“The kind of president (and Prime Minister) we need has little to do with ideology and more to do with a willingness to wield power to moral ends.”― George Friedman, The Next Decade: What the World Will Look Like.(Addition in parenthesis is mine).
Democracy is a system of government by the people typically through elected representatives.According to political scientist Larry Diamond, democracy consists of four key elements: (a) A political system for choosing and replacing the government through free and fair elections; (b) The active participation of the people, as citizens, in politics and civic life; (c) Protection of the human rights of all citizens, and (d) A rule of law, in which the laws and procedures apply equally to all citizens.
In Sri Lanka, the Constitution states that the legislative power of the People shall be exercised by Parliament, consisting of elected representatives of the People and by the People at a Referendum. (See Article 4 (a)).
To this extent, Sri Lanka is a practising democratic nation.
The Rule of law implies that every citizen is subject to the law, including lawmakers themselves. In Latin Lex, Rex (The Law is the King) as Samuel Rutherford (1644) would have it.Our Constitution states:
“All persons are equal before the law and are entitled to the equal protection of the law”. (12 (1)).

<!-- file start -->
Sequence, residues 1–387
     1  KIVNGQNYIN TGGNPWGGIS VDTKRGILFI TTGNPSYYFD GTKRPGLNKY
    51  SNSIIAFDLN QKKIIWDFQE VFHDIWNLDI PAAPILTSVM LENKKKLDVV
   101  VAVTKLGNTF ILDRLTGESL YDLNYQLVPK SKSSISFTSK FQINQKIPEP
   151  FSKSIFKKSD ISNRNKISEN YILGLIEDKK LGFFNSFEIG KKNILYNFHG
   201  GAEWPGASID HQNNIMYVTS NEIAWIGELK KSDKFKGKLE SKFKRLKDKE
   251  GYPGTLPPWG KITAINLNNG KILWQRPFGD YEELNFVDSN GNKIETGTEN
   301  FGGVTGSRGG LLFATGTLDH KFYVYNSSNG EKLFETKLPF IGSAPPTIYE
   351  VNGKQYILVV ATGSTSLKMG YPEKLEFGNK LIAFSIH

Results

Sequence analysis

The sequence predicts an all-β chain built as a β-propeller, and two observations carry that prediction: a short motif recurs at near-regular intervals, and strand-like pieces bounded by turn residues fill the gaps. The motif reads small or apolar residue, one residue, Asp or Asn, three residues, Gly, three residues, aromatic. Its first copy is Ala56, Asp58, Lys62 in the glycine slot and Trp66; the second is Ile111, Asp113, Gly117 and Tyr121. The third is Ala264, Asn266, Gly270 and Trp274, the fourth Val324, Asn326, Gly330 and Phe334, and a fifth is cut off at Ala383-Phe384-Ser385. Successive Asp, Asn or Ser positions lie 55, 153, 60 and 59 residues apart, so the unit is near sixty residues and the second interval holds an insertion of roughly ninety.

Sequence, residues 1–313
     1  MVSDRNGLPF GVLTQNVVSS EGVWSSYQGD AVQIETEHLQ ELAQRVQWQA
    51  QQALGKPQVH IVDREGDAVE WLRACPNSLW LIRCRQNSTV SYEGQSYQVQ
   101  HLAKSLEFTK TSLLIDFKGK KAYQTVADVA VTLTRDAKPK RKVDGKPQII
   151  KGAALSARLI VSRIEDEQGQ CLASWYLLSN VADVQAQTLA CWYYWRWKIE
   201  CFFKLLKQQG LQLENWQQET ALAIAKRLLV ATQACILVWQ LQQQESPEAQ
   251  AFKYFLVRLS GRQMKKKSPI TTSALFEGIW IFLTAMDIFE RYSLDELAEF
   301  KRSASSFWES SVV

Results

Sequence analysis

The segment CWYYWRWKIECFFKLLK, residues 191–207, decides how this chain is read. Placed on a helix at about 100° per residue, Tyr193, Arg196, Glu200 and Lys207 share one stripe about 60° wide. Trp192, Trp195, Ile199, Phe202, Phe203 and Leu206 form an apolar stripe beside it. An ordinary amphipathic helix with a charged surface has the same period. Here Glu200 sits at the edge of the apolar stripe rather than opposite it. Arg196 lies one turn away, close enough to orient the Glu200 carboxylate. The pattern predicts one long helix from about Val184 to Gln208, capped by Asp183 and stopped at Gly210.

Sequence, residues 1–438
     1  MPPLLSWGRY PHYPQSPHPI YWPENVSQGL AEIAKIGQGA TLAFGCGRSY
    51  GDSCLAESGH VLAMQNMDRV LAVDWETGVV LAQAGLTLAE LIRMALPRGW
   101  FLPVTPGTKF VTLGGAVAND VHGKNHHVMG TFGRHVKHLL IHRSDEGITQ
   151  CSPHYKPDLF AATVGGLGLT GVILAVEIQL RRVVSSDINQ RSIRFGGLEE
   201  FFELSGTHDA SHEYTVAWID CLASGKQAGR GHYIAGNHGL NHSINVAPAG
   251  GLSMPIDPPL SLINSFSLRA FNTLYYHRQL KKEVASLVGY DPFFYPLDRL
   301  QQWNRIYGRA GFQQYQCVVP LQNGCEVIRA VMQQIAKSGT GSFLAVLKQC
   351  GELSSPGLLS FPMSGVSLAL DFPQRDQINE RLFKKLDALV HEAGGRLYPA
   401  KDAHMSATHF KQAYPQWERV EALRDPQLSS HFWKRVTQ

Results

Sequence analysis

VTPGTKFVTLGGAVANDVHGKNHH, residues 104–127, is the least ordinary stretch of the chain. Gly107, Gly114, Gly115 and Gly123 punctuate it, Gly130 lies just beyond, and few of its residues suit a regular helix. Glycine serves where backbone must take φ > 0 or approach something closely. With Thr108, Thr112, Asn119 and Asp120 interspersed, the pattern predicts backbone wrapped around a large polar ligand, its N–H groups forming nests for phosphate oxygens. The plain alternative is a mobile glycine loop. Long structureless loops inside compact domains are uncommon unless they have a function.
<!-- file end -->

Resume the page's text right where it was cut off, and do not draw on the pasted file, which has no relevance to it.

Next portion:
In this sense, it stands in contrast to an autocracy, dictatorship, or oligarchy where the rulers are held above the law. A government based upon the rule of law is called Nomocracy.
Oligarchy on the other hand is a model where power rests and is wielded by a minority or a small number of people. This can be a form of control by a noble class, a family or religious authority.
Article 3 of the Constitution reads, “In the Republic of Sri Lanka sovereignty is in the People and is inalienable. Sovereignty includes the powers of government, fundamental rights and the franchise”.
The Constitution further states that the Sovereignty of the People shall be exercised and enjoyed through the legislative power of the People exercised by Parliament, the executive power exercised by the President elected by the People and the judiciary. (vide. Article 4).
These are universally accepted as solid principles of democracy and governing pillars of modern civilised society. It is very clear from the above that at least constitutionally, there is no place in this country for a small number of people, whoever they are, to have control, influence, direct or command in an oligarchic fashion the affairs of the State.